Lent 2015, Led to the Cross: What Jesus says about judging

Galatians 1

This is the lent series and we’re reading through Luke, from the 40-days Jesus spent in the in the desert triumphing over temptation to His crucifixion and resurrection. We have read through Luke 4 and 5 and today will finish chapter 6. In our reading we learned that: Jesus grace triumphed over temptation and evil;  He was persecuted in Nazareth for not performing miracles in his home town; He suffered to relate to our suffering; He came for sinners (tax collectors, fishermen, and us!); Jesus called the 12 disciples; showed us how we are to cast our crowns before the throne, living our lives for His plans. We understand that His miracles illustrate how we are to trust Him and live as a testimony.  Yesterday we read about Jesus’ direction to love our enemies, to bless them and to pray for them. Today we’ll finish Luke chapter 6 and read about Jesus’ direction regarding judging others, and our requirement to act on His directives- it’s not enough just to know what they are.

Do not judge, and you will not be judged. Do not condemn, and you will not be condemned. Forgive, and you will be forgiven. Give, and it will be given to you. A good measure, pressed down, shaken together and running over, will be poured into your lap. For with the measure you use, it will be measured to you.” (Luke 6:37-38) 

We ought to be very candid in our censures of others, because we need grains of allowance ourselves. They that are merciful to other people’s names shall find others merciful to theirs. -Matthew Henry.

Treat people with the compassion that you want to be treated with, be the example.

 He also told them this parable: “Can the blind lead the blind? Will they not both fall into a pit?  The student is not above the teacher, but everyone who is fully trained will be like their teacher. (Luke 6:39)

Those who put themselves under the guidance of the ignorant and erroneous are likely to perish with them. Can the Pharisees, who are blinded with pride, prejudice, and bigotry, lead the blind people into the right way? Those that ignorantly, and at a venture, follow the multitude to do evil, follow the blind in the broad way that leads the many to destruction. -Matthew Henry

 “Why do you look at the speck of sawdust in your brother’s eye and pay no attention to the plank in your own eye?  How can you say to your brother, ‘Brother, let me take the speck out of your eye,’ when you yourself fail to see the plank in your own eye? You hypocrite, first take the plank out of your eye, and then you will see clearly to remove the speck from your brother’s eye. (Luke 6: 40-42)

Those with a very ill grace censure the faults of others who are not aware of their own faults. It is very absurd for any to pretend to be so quick-sighted as to spy small faults in others, like a mote in the eye, when they are themselves so perfectly past feeling as not to perceive a beam in their own eye. -Matthew Henry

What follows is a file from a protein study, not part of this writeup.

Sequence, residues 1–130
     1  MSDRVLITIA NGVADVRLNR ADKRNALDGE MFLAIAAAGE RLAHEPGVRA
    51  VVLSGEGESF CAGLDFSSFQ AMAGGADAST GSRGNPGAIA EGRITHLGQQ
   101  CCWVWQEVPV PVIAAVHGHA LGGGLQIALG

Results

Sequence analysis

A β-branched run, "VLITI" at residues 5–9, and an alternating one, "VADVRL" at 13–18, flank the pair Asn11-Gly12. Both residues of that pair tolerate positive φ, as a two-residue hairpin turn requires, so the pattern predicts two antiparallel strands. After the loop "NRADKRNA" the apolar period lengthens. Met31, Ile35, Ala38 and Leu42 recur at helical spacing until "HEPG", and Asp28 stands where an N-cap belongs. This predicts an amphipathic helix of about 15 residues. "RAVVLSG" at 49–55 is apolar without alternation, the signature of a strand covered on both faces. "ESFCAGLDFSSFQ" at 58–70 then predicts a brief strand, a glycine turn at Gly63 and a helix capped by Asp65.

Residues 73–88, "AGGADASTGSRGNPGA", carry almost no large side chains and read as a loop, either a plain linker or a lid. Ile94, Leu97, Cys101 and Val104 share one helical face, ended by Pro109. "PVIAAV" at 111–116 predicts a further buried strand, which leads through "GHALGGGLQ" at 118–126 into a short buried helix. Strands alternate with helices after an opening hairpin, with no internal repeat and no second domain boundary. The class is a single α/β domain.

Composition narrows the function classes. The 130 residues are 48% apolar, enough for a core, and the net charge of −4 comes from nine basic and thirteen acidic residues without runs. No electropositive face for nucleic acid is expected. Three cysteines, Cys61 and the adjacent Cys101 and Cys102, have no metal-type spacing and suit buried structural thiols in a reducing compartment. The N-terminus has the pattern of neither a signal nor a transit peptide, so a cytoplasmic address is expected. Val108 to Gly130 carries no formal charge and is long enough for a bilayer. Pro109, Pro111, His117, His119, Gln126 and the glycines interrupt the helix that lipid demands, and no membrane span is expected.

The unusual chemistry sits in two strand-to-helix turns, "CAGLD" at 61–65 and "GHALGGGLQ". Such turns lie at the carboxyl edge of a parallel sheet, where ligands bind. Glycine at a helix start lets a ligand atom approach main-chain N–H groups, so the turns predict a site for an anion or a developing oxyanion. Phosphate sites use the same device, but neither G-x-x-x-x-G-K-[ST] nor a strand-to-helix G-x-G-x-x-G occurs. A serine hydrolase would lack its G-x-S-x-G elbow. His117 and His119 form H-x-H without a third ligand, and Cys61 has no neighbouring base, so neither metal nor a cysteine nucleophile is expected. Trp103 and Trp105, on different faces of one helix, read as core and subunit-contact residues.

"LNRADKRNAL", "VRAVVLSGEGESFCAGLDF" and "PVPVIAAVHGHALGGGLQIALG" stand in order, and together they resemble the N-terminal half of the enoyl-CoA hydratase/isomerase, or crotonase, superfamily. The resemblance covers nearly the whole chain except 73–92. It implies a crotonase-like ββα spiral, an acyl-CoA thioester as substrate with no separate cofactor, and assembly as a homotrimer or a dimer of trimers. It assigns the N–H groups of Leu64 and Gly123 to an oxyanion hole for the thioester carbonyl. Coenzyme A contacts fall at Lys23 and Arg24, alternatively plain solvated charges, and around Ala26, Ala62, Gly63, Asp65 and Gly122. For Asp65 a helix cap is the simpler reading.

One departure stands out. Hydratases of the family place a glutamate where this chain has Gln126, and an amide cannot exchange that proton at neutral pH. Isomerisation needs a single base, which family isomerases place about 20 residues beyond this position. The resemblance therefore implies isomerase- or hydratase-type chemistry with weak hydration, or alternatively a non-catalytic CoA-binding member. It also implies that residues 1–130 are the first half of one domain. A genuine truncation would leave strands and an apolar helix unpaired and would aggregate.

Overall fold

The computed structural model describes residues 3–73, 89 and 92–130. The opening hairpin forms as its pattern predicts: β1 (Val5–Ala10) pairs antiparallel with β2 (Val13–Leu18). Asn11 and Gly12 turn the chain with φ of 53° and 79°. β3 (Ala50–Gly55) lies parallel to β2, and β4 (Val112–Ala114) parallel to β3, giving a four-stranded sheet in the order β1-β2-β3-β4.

When you point the finger at someone, notice that your four other fingers are pointing back at yourself.

No good tree bears bad fruit, nor does a bad tree bear good fruit. Each tree is recognized by its own fruit. People do not pick figs from thorn bushes, or grapes from briers.  A good man brings good things out of the good stored up in his heart, and an evil man brings evil things out of the evil stored up in his heart. For the mouth speaks what the heart is full of. (Luke 6:43-45)

The heart is the tree, and the words and actions are fruit according to the nature of the tree. The heart is the treasure, and the words and actions are the expenses or produce from that treasure. You may, if you please, stick figs upon thorns, and hang a bunch of grapes upon a bramble, but they neither are, nor can be, the natural product of the trees; so neither can you expect any good conduct from those who have justly a bad character. If the fruit be good, you may conclude that the tree is so; if the conversation be holy, heavenly, and regular, though you cannot infallibly know the heart, yet you may charitably hope that it is upright with God; for every tree is known by its fruit. -Matthew Henry

You can put lipstick on a pig, but it’s still a pig.

Why do you call me, ‘Lord, Lord,’ and do not do what I say?  As for everyone who comes to me and hears my words and puts them into practice, I will show you what they are like.  They are like a man building a house, who dug down deep and laid the foundation on rock. When a flood came, the torrent struck that house but could not shake it, because it was well built.  But the one who hears my words and does not put them into practice is like a man who built a house on the ground without a foundation. The moment the torrent struck that house, it collapsed and its destruction was complete.” (Luke 6:46-49)

It is not enough to hear the sayings of Christ, but we must do them; not enough to profess relation to him, as his servants, but we must make conscience of obeying him.

Tomorrow we’ll read through Luke 7; about John the Baptist, miraculous raising of the dead, and an alabaster flask of faith.

 

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